Did you see for yourself where she was taken? - Yes, I saw it myself.

And you say that was what - where? - It was in the front of Block No. 25 which was a special hut for the bodies.

Did you see her being taken there yourself? - I saw it myself.

When you left Auschwitz to go to Belsen what was the state of your health? - My health was in a good state.

Cross-examined by MAJOR CRANFIELD: Is not your nationality Polish? - I am a POlish Jew but in the camp I was considered as an Aryan Pole.

Who told you to tell the Court you were a Jewess from Poland when you were asked what your nationality was? - I am such and therefore I say so.

CAPTAIN ROBERTS: No questions.

CAPTAIN BROWN: No questions.

CAPTAIN FIELDEN: No questions.


CAPTAIN NEAVE: No questions.


LIEUTENANT BOYD: No questions.

CAPTAIN MUNRO: No questions.


Re-examined by COLONEL BACKHOUSE: You had two separate types of questions put to you. First of all it has been suggested that you have got the wrong woman altogether and Bormann was not there at all; then it has been suggested to you that Bormann was there and was trying to protect this woman. Let us try to clear that up. First of all are you quite sure of the woman you have recognised? - I am sure she is the woman.

Did she make any attempt to save this woman from the dog? - No, on the contrary, she set the dog on her.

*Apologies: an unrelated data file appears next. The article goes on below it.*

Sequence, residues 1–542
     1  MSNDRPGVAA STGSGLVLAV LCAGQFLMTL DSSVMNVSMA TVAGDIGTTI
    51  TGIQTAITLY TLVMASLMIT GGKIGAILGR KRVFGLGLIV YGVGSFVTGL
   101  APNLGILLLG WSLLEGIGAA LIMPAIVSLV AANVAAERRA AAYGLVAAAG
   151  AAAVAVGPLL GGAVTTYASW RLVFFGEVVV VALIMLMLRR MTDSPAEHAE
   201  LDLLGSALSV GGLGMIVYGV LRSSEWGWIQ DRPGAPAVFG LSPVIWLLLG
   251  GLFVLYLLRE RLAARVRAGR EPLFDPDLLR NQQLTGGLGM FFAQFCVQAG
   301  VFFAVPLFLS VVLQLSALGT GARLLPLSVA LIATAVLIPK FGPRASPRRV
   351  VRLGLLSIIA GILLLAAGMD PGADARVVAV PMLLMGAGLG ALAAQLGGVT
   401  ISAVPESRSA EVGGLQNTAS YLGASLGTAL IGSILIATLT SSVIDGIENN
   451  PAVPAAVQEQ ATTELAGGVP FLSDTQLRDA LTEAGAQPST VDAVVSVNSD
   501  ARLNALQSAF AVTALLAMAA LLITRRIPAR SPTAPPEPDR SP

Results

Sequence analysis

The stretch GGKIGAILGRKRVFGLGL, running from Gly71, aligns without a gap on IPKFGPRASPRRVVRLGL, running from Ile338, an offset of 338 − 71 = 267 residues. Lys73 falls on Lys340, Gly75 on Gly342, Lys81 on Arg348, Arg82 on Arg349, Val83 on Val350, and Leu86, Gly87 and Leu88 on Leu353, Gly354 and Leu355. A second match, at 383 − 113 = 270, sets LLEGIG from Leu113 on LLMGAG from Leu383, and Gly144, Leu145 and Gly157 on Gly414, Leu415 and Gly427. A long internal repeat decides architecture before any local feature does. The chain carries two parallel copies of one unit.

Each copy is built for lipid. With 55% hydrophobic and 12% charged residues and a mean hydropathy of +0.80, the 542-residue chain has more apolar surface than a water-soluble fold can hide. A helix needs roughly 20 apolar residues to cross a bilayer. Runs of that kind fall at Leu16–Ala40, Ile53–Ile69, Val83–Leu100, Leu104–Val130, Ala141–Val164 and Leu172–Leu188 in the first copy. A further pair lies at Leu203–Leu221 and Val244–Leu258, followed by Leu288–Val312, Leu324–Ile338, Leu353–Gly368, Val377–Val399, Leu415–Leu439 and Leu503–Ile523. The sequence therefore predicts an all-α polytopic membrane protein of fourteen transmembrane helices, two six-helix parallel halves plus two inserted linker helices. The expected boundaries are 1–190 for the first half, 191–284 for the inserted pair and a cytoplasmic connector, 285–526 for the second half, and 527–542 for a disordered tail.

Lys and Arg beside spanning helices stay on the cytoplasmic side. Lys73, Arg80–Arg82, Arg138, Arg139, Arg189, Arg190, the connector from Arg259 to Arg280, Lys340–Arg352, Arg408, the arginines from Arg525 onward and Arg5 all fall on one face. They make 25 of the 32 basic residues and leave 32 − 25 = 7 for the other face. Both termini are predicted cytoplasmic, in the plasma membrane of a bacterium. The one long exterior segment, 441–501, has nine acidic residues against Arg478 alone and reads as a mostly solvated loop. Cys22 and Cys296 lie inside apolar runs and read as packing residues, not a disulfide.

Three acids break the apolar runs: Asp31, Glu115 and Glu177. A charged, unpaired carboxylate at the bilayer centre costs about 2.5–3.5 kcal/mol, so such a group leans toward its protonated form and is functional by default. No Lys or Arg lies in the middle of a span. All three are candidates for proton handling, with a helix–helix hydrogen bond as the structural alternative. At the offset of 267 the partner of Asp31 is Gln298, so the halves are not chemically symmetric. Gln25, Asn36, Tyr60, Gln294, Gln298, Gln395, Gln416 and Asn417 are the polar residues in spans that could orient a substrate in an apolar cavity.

(The witness withdraws)

COLONEL BACKHOUSE: I now call Marcel Tuchmann who is going to prove the plan of the camp which is before the Court.

MARCEL TUCHMANN is called in and having been duly sworn is examined by COLONEL BACKHOUSE as follows:

THE JUDGE ADVOCATE: This witness is Marcel Tuchmann. He will give his evidence in German and is being sworn on a Jewish bible. He says that the form of oath he is about to take will be binding on his conscience.

COLONEL BACKHOUSE: What is your full name? - Marcel Tuchmann.

Where do you live? - My last address was the Ghetto in Przemysl, No. 42.

What was your occupation before you were arrested? - I was a student of medicine until 1941.

After you were arrested were you in Birkenau for a considerable time? - I was in Birkenau from the 5th November, 1943, until the 30th May, 1944.

Just look at this plan. (handed) Did you yesterday prepare this plan or diagram of Birkenau camp? - Yes, that is the plan.

Is that to the best of your recollection an accurate diagram of the camp? - Yes, all that what is found here is correct.

THE JUDGE ADVOCATE: Is there an original of this at all?

COLONEL BACKHOUSE: He made it actually on a wax stencil and it has been taken off.

THE JUDGE ADVOCATE: I think I am only voicing the opinion of the Court when I say that the document is very difficult to follow even with an explanation, but I suppose we could try.